Day four, and I’m still sore.
Not bragging. Not complaining. Just saying.
We are four days out from the workout known as Murph, and I am still sore.
What is Murph, you say?
Murph is a workout named for Michael Patrick Murphy, a navy SEAL killed in Afghanistan in 2005. He was awarded the Medal of Honor–the U.S. military’s highest decoration–and he lost his life in service to our country. Later, a workout was named in his honor.
As in many CrossFit gyms, we at Bull City CrossFit do Murph together every Memorial Day in remembrance of this soldier. It is, quite honestly, a great way to begin to imagine the endurance and dedication practiced by our military every single day.
And it’s a killer workout.
So, what exactly is Murph, you ask?
Just this: a one-mile run, followed by 100 pull-ups, 200 push-ups, 300 air-squats, and then another one-mile run.
We do a lot of difficult things in our gym. A Lot. I have been doing CrossFit for over three years now, and I still have much to learn, and all of it is hard. Many are the workouts that leave me lying on the floor, just trying to remember how to breathe.
But Murph is in a class by itself, as you can tell from its brief description, above. My husband calls it, “aggressively difficult.”
There are lots of ways to tackle Murph, and before I go further, I will tell you that you are supposed to do it precisely as described above, in that order, one exercise at a time. But also, you are supposed to do it in a weighted vest. A 20-pound vest, to be precise. Forgot to mention that. Sorry.
Suffice it to say that I have never done Murph in a weighted vest. Neither have I done Murph straight through, as described. Instead, I do the run and then I break the exercises into pieces, like so: 5 pull-ups, 10 push-ups, 15 air-squats. Repeat. Twenty times.
Aaaand another mile-run.
You could break it into smaller increments (say 2 pull-ups, 4 push-ups, 6 air-squats), if you wanted, and then do more rounds (in that case, 50 of them). Or you can go for the gusto (and potential serious muscle fatigue) and do it straight. (Some people are fit enough for that.) Whatever you choose, I can tell you this for certain: There will come a time in the midst of your Murph workout that you will wonder how you will ever possibly finish.
There’s only one answer to that nagging question: You keep going.
At the gym we have names for workouts like Murph: they’re called “chippers.” The idea is simple; I’m sure you already get it. You just keep chipping away at the workout. You just keep doing your reps. Who cares if this is round 8 or round 18? You’re not finished until you’re done, so you might as well keep going.
Need to breath a second? Fine. Need to talk your legs into squatting before you commence with that (again)? Have that conversation. Need to remember you have arms (and where you left them) before you grab the bar? Sounds like an excellent idea.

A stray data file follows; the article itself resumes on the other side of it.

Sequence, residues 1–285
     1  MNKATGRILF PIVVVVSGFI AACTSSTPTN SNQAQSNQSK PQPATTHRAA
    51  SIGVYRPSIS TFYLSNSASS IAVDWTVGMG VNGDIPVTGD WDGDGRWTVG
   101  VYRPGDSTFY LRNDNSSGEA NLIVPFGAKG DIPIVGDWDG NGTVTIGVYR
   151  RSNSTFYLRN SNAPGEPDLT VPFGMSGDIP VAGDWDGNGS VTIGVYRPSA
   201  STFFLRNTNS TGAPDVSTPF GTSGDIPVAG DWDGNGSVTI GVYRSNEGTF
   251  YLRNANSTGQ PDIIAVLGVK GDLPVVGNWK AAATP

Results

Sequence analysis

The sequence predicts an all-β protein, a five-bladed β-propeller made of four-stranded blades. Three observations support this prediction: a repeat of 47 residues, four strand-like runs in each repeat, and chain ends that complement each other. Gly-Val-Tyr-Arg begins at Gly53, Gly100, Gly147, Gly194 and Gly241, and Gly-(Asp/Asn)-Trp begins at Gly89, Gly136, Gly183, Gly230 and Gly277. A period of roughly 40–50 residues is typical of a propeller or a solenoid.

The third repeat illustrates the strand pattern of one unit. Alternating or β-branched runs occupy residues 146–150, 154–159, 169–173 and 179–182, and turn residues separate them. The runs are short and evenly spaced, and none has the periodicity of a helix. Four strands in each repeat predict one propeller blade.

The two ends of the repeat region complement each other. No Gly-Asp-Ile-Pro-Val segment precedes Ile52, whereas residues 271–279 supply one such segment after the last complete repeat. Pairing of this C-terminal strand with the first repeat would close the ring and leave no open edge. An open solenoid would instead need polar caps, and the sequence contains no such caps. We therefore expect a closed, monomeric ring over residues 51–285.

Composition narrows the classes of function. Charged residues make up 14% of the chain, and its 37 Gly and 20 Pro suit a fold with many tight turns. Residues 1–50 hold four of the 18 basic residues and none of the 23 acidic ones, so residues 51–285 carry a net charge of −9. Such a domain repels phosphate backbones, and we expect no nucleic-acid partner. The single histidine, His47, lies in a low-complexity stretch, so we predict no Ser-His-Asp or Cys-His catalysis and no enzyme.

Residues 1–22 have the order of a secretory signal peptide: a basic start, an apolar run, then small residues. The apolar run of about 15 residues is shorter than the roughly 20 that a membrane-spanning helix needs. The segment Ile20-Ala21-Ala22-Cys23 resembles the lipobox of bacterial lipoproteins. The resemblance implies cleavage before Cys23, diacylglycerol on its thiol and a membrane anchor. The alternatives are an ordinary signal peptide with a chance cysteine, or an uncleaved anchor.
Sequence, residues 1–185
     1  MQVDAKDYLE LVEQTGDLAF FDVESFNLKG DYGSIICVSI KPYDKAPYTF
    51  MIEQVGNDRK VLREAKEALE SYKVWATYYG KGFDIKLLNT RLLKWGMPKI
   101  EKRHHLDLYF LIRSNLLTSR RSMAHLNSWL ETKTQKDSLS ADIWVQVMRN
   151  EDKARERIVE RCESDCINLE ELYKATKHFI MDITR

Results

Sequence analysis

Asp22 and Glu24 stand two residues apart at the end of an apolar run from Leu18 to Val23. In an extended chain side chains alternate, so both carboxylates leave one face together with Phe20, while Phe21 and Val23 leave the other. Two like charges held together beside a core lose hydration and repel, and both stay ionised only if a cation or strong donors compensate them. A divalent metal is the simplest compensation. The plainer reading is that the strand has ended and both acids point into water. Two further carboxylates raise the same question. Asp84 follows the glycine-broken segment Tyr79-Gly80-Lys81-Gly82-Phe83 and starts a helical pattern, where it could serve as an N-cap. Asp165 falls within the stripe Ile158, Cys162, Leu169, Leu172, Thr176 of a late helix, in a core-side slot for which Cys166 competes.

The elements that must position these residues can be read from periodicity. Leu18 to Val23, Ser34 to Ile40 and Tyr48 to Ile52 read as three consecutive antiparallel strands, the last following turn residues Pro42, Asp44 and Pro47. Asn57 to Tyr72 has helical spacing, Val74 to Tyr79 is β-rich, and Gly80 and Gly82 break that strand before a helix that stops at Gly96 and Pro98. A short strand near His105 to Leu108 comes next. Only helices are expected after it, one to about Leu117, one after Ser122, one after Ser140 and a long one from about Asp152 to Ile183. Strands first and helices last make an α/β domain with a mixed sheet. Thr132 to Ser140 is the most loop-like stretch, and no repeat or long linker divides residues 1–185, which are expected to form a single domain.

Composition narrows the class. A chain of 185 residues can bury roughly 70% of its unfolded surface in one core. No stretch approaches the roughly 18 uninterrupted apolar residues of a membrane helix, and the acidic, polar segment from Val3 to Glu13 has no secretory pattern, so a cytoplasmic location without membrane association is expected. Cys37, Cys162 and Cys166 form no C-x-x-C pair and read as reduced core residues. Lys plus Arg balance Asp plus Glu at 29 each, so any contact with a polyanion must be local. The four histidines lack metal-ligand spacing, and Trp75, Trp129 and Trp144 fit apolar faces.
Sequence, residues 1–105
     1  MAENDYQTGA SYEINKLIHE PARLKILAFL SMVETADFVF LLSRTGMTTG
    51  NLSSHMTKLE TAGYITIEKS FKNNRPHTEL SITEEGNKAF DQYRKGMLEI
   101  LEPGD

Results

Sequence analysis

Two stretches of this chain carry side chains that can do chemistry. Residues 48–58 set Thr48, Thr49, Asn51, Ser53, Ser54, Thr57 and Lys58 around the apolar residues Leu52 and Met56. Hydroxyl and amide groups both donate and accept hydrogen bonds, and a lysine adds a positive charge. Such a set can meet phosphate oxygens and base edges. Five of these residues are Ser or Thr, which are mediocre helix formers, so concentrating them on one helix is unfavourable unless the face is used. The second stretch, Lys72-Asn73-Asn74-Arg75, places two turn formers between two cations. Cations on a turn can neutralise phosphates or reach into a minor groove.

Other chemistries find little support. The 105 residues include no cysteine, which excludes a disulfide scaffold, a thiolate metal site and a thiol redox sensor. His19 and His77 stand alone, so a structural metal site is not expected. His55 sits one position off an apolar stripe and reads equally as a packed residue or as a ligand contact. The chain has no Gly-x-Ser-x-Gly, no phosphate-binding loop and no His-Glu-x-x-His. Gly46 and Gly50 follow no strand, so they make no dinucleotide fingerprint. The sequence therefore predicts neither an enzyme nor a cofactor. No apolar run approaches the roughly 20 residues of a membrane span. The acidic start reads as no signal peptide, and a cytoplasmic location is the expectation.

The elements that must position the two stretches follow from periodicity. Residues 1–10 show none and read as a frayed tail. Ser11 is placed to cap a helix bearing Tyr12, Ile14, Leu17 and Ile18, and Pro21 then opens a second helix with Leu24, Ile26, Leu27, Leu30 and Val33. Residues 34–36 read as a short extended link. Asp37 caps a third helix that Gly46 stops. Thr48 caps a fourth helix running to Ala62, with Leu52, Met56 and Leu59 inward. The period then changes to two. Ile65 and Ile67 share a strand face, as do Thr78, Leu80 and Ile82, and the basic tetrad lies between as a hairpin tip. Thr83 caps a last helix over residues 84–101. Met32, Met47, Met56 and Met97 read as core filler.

But whatever you do, just keep chipping away. Just keep going. Just do the next thing until you run out of things. And then go run your (second) mile.
That’s the thing about endurance– a thing that soldiers know, and athletes, and (sometimes–here it comes) writers. The only way to endure something is to, well, endure.
Once upon a time, I wrote a book. A novel, to be precise. The book is 300 pages long–but unlike my comprehension of Murph and its scope, I didn’t know–going in–how long it was going to be.
Instead, I knew (for the most part) what the book had to say. I knew the general plot-line, and the characters (mostly). But there were many (many) moments, descriptions, even conversations that I didn’t know were going to be in there. I discovered their necessity as the writing unfolded.
Sometimes these developments frustrated me. I thought I knew where I was going, and I wanted to get to the end. These new necessities felt like delays, but it was a disservice to the story as a whole to skip them.
As I got closer to the end, I would imagine finishing. Heading into a full day of writing, I would convince myself that today was the day I would finish. The story and its necessaries were clear and tidy in my head. It was only a question of writing it all down–and seriously, how long could that take?
But I was only right about that one time: I only truly finished writing the book once.
Now I’m writing another book, one that is simpler than the last. More on that later, but suffice it to say that I have a clear and detailed outline, and I know where I’m going.
Still, it’s happened to me already: my vision so clear, my confidence so hopeful, that I sit down to write thinking today is the day I will finish this chapter.
So often (almost always), it isn’t.
It turns out that, like so many CrossFit workouts, writing a book is a chipper. You sit down to work with the whole of the project in your head, but you pick just one little place to start. You work on that, you develop those ideas, and you finish that one bit. If you have more time, you write some more, and maybe you finish that part, too.
Either way, you chip away at it: a section, a paragraph, a sentence at a time. There’s no other possible way to get it done.
And someday you actually finish.
Because truly (I must remind myself), writing a book is a game of endurance. It’s going to take a long time–and a lot of solitude, and quiet, and keeping yourself squarely in front of your laptop/your notepad/whathaveyou–to come to the end.
I only learned this by writing a book, mind you. And maybe also from CrossFit.